Cooley took it all in, helping to run a successful campaign among fans at Drake Fieldhouse to elect Tuffy Parker as tournament queen. He never forgot how everybody in the Coon Rapids area seemed to go crazy during that tournament run, traveling to games in convoys of cars, attending pep rallies featuring the band and skits, having a great time.
Over about a 10-year period starting in ’55, he built the girls state basketball tournament into a macro version of what Coon Rapids had been back in February and March of 1938. He started bringing in entertainment for halftime and between-game performances. The first group he tapped was the Carroll Kuemper High School chorus. He hired Des Moines TV producer Bob Scarpino as director of the basketball tournament’s entertainment and TV production. Scarpino had theatrical experience, knew lighting and remembered an old theater maxim: “When you turn out the lights, people go bonkers!” So at key moments such as the National Anthem – which they had students singing – they would kill the arena lights and turn on powerful spotlights that would sweep the crowd and then focus on the performers.
They brought in drill teams, pep bands, jump rope teams and eventually celebrities like Olympic gold medalist Bruce Jenner and “Music Man” composer Meredith Willson. Stars of the past were given lavish, formal inductions into the Hall of Fame, with the great Drake announcer Jim Duncan doing dramatic readings of the old stars’ accomplishments. They suited up handsome Des Moines high school boys in tuxedos, had them sweep the basketball floor under spotlights while the band played an old kick-line favorite, “Satin Doll.”
What Cooley and Scarpino knew, of course, was that for every student they put on the Vets Auditorium floor – whether as a basketball player, a musician, a rope jumper, whatever – there’d be parents, grandparents, uncles and aunts buying tickets. Back home there’d be hundreds more friends watching on TV. The more entertainment they could provide, along with good basketball, the more popular their tournament would be.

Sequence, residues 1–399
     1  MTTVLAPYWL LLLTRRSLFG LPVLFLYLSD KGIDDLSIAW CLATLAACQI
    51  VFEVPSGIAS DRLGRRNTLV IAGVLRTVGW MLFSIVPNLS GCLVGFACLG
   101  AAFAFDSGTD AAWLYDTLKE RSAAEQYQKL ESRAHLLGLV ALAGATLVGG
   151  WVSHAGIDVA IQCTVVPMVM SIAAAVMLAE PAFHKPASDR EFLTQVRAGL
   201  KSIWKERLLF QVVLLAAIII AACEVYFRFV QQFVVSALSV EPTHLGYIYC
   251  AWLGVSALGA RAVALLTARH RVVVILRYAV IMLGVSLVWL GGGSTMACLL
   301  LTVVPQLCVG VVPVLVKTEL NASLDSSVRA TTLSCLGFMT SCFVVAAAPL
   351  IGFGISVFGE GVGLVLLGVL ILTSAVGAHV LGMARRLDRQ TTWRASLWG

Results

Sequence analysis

“We learned that it was just as important to sell the ‘sizzle’ as it was to sell the ‘steak’,” Cooley and Scarpino often said.
For the next 30 years, the Iowa girls state basketball tournament became a national sensation. At one point, the championship games were broadcasted on a network of stations reaching nine states. Vets would sell-out all seats for those title games. The coverage had a bigger TV audience in Iowa than any Super Bowl football game has ever achieved. There were stories in major media like the New York Times, Los Angeles Times, Sports Illustrated, all the TV network news shows and more.
Iowa Public Television’s equipment vans outside the gym in Rippey.
The revenue poured in and Cooley began directing the steady expansion of the IGHSAU program to include nine sports for girls by the time he retired, and now 10.
I can’t think of anybody who created more opportunity for girls and women in this state than E. Wayne Cooley.
I wrote lots of columns in the Des Moines Register about him, the tournaments and Iowa girls.
In 1992, I asked him if he’d ever thought of himself as Iowa’s leading feminist. “No,” he said curtly, blowing smoke from one of his frequent $3 “Te Amo” brand cigars.
Well, I suggested, some people might say so.
“Oh, I might be a feminist, I just never thought of that before,” he said. “I have fought some battles over the years to get equality for girls. When you think of it, the athletic arena was the home of men and boys for more than 200 years. Only in recent times have women and girls started coming into athletics, and sometimes they’ve had to overcome hostility to do it. In Iowa at least, the girl athlete can walk down the street just as tall as the boy athlete. No taller, but no shorter, either.”
You can email the columnist at chuck@Offenburger.com or comment using the handy form below.
This story was first published in the Jefferson Herald of February 27, 2014, as a historical reflections column for the Greene County Historical Society. Chuck Offenburger is a member of the historical society’s board of directors.